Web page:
The uproar lasted not more than two or three weeks and I don’t believe it hurt our ratings although I have no proof of that. What it did do was cause talk among the kids about the WLS ban whether they agreed or disagreed with it. We had the same situation with “They're Coming to Take Me Away” and “Rhythm in the Rain.”
I hope this fills in some of the blanks.
Thanks, Clark! For the record, WLS DID jump on Barry McGuire's follow-up single ... and "Child Of Our Times" went to #25 later that year. (I remember my Mom having this 45 ... WITH the Picture Sleeve ... which is now in my personal collection.) After a successful stint with The New Christy Minstrels (his voice is QUITE distinctive and really stands out on their early hits "Green Green" and "Saturday Night"), McGuire soared to the top with "Eve Of Destruction" and then pretty much disappeared from the charts. As stated above, he was instrumental in getting The Mamas And The Papas signed to Dunhill Records, and that fact alone should be considered a MAJOR musical accomplishment in ANYBODY's book. As we discovered some years ago when we last covered this topic, he's still out there performing and recording. You can visit his website here:
In fact, you'll see that he has several live appearances coming up! Barry McGuire ALSO has an AMAZING website called Trippin' The Sixties that you'll want to add to your favorites immediately. It's the kind of site that'll have you coming back day after day after day to see the latest updates. Obviously, Barry has a GREAT affection for this music that was the '60's ... and it REALLY shows here on his website. Click here: Trippin the Sixties
I'm hoping to be talking with Barry McGuire in much greater depth once he gets back from his overseas tour ... and you can count on reading ALL of that right here in Forgotten Hits! In the meantime, here are a few words from Barry himself for all of our FH Readers:
I'm on the road for two weeks, home for two weeks from February 2nd through 16th and then gone again for six weeks to Australia / New Zealand until April 1st. In the meantime, if you and your readers would like to check out my www.trippinthesixties.com show site, you'll see that there are several videos on the Video page, and we're updating the "On This Day" page daily. You'll find tons of stories and photos of our on the road adventures on the Blog page - just have a browse around and it'll give you an idea of what I'm up to these days. You'll also find my show schedule there and see that a lot of my old albums are now available for digital download from the Store page.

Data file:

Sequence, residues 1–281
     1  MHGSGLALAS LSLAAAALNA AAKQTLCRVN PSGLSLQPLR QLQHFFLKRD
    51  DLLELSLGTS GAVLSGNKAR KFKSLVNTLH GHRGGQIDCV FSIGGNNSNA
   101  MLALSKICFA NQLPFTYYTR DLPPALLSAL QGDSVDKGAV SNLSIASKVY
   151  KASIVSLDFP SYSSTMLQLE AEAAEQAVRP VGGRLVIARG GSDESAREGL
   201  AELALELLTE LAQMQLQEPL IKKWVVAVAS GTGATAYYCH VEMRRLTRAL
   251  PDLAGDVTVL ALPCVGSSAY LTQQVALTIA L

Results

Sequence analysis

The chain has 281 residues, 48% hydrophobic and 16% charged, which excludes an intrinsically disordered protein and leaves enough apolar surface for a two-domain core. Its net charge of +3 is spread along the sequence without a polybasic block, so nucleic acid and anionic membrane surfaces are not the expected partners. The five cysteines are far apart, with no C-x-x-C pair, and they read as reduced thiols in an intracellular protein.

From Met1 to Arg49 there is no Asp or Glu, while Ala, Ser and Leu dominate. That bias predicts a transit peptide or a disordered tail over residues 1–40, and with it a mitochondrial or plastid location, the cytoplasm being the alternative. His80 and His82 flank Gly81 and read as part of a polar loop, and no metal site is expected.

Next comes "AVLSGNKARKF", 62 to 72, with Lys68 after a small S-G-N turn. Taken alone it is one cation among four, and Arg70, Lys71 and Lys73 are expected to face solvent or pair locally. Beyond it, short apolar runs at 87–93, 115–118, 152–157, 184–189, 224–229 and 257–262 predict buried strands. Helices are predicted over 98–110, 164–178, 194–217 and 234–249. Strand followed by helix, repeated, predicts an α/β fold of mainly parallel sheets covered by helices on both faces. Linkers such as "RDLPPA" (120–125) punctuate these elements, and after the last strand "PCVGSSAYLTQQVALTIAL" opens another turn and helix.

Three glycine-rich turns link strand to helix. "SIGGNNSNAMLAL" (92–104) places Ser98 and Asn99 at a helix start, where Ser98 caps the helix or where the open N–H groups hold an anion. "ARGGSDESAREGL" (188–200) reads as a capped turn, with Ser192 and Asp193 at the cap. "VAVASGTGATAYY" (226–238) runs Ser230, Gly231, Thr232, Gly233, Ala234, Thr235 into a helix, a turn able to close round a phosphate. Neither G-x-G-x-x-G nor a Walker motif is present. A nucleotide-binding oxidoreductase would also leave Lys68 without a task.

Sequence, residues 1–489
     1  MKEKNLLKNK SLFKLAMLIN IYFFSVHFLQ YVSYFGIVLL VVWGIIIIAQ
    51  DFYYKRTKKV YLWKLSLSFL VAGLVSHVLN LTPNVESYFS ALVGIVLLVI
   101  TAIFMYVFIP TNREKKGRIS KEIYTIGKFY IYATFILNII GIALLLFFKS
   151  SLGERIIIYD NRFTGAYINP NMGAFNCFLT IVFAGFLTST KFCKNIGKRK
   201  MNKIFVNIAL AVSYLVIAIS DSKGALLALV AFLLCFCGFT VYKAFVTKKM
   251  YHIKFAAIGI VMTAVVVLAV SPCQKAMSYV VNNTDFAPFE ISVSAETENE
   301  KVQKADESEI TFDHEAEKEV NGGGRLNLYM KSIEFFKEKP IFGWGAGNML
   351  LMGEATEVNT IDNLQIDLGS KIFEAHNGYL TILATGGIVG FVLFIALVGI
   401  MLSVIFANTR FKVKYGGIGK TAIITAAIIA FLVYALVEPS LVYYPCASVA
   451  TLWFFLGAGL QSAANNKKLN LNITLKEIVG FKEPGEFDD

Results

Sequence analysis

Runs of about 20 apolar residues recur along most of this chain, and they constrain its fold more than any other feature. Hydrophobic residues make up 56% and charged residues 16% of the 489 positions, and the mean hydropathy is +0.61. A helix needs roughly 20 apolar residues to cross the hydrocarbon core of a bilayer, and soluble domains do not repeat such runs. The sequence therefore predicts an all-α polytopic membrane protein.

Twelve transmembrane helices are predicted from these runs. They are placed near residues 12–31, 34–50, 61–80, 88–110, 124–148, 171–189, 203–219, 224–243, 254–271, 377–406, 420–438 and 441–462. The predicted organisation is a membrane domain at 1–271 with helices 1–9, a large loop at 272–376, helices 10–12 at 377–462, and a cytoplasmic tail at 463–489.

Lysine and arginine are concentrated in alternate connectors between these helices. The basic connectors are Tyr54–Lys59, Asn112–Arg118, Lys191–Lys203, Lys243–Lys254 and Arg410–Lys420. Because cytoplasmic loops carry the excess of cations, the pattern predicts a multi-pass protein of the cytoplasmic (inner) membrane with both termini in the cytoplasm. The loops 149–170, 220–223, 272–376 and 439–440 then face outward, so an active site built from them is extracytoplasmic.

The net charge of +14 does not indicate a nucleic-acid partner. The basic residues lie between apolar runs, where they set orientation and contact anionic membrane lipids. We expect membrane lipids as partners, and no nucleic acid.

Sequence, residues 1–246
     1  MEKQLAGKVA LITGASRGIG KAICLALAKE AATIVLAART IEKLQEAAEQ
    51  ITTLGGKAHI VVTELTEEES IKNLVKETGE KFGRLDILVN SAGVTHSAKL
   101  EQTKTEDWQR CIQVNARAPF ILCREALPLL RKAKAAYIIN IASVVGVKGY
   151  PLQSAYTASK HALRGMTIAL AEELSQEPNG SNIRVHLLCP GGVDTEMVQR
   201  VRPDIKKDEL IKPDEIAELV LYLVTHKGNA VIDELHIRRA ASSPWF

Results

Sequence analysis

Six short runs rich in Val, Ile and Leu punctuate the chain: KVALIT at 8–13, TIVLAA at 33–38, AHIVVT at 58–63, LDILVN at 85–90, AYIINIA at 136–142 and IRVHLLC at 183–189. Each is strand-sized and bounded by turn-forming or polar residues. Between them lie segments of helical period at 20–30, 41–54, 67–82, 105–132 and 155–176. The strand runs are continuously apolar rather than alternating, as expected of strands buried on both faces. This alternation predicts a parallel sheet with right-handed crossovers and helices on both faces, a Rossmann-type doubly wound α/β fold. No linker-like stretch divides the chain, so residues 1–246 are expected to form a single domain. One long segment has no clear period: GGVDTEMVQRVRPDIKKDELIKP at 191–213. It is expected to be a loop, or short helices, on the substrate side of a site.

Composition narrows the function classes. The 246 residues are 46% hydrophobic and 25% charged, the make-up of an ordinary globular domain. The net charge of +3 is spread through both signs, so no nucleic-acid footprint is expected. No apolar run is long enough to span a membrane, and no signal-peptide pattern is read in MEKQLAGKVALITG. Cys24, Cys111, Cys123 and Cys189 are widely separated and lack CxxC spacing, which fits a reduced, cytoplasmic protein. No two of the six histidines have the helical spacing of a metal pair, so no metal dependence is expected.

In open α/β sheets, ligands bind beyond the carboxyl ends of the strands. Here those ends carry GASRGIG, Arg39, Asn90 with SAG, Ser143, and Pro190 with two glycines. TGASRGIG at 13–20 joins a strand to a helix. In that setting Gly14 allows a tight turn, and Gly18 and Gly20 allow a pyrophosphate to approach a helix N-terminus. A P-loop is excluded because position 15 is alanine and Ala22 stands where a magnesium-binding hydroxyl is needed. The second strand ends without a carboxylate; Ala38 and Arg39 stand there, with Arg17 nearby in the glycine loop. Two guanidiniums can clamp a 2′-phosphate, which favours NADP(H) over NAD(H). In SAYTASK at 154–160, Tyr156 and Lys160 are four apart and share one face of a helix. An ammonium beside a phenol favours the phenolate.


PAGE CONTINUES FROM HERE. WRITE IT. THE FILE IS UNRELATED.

The new show is called "Trippin The Sixties." I'm working with a dear friend of mine, John York, (The Byrds.) We've done about 70 shows in the last two years all over the world. The show has a new website, www.trippinthesixties.com, that I know everyone who goes there will really enjoy browsing around. John and I have just recorded a new album called "Songs from the Kitchen."
That's about it for now. Looking forward to talking more with you once I get back, Barry
Meanwhile, that OTHER Barry ... as in S/Sgt. Barry Sadler ... had one more chart hit when "The 'A' Team" peaked at #18 in 1966. He was discharged from military service after severely injuring his leg in a booby trap while serving in Viet Nam. When his music career stalled, Sadler began writing adventure books and over twenty titles were published over the next several years. (It was later disclosed that Sadler had written only the first couple of these while the others were "farmed out" to a variety of writers who published their work under Sadler's name.)
The REST of his civilian life wasn't quite as exemplary ... and, after all the fame associated with him thanks to his military career, he didn't exactly die a "hero".
In the late '70's Sadler shot and killed Country And Western Songwriter Lee Emerson in his own driveway. He pled guilty to voluntary manslaughter and was sentenced to four to five years in prison ... but only served thirty days. In 1988 he was shot in the head during what was reported to be an attempted robbery at this Guatemalan home. (One report I read said that he was shot in a taxi.) The circumstances surrounding this shooting have become the subject of much speculation and rumor ... yet another unsolved rock and roll mystery! In addition to the most commonly believed robbery story, there are also reports circulating that Sadler committed suicide, that he accidentally shot himself while showing off to a female companion and that he was assassinated for allegedly training and arming the Contras. (According to his companion at the time, he had been training Nicaraguan counter-revolutionaries and had been receiving death threats.) Whatever the circumstances, Sadler remained in a coma for several months after the shooting, ultimately dying of heart failure in 1989. The New York Times official obituary reported at the time that "the cause of death was not given" and that "an autopsy would be performed." The obit goes on to read that "Mr. Sadler had been hospitalized since he was critically wounded in what a companion said was a robbery. The companion said at the time that Mr. Sadler had been training Nicaraguan rebels in Guatemala and had received death threats."